posted by starlybri at 9:23 PM on February 13, 2016 [1 favorite]

In the movie The Edge with Anthony Hopkins and Alec Baldwin, at the beginning of the movie, Hopkins does a "trick" where he wins a bet by guessing what is on the other side of a carved oar. On the front side was a panther, and on the other side was its prey, a rabbit smoking a pipe, who was "unafraid, because he knows he is smarter than the panther." At the end of the movie, Hopkins guesses what is engraved on the other side of Baldwin's watch, which escalates a dangerous confrontation. Hopkins is cool as a cucumber and outwits Baldwin, even though Baldwin is the one who was armed and seemingly more dangerous.
posted by SpacemanStix at 9:50 PM on February 13, 2016 [1 favorite]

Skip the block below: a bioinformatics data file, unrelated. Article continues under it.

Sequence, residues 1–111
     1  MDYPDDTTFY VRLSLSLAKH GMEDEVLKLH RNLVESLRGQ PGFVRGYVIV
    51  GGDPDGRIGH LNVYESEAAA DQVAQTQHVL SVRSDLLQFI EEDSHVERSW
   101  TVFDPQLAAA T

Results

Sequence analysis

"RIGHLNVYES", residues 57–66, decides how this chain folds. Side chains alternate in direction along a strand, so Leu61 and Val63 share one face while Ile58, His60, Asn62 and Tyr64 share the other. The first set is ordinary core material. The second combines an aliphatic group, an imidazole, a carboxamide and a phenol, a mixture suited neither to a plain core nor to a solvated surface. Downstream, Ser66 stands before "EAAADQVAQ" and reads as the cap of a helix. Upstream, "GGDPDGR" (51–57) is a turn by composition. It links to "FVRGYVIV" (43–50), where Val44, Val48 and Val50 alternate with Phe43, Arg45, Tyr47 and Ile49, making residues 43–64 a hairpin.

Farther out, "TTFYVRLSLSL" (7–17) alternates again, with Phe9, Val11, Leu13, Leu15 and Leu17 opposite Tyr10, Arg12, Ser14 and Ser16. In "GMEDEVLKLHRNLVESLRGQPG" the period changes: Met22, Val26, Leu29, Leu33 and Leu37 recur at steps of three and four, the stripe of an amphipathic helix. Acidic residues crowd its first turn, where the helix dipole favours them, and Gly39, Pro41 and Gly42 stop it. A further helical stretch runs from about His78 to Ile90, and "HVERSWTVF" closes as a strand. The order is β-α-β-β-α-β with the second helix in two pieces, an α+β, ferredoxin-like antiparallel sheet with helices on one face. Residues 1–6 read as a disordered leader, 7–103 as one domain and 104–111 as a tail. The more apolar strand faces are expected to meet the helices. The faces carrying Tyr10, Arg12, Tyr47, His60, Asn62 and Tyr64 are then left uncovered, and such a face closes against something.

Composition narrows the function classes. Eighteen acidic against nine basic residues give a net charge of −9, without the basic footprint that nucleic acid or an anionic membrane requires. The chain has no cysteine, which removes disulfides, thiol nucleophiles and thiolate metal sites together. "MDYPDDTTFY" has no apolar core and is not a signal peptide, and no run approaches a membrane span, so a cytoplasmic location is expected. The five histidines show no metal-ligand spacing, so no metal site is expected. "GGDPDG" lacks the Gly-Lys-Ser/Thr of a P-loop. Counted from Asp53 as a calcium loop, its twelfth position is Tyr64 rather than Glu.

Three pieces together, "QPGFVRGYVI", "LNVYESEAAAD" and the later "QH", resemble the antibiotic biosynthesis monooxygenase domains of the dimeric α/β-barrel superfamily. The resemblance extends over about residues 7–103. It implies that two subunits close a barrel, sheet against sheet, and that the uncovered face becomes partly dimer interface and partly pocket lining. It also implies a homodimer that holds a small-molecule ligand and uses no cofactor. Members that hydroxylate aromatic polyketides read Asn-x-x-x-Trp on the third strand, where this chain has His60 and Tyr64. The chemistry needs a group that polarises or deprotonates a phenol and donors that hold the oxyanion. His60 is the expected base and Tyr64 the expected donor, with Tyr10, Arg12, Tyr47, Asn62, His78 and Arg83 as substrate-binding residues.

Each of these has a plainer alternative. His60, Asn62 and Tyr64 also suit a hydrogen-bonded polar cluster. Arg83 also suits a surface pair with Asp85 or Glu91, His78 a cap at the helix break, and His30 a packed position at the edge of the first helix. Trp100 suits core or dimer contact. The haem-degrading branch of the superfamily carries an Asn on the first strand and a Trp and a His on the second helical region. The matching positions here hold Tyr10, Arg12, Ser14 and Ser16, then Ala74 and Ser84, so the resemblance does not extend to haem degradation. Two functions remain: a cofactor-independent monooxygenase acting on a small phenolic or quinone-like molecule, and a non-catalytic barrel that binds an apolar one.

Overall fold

Arrested Development has lots.
posted by backwards guitar at 10:08 PM on February 13, 2016 [3 favorites]

Hichcock's opener that literally has his shadow cast on the wall.

Declaration of Independence, "For score and seven years ago..."
posted by Oyéah at 10:19 PM on February 13, 2016

Pulp Fiction was a knot of interconnected threads, with each individual story fore- (or pre-) shadowing at least one other.
posted by yesster at 10:57 PM on February 13, 2016 [1 favorite]

Everything ever written by Guy Gavriel Kay, especially the last several novels. Foreshadowing with a sledgehammer.
posted by suelac at 11:26 PM on February 13, 2016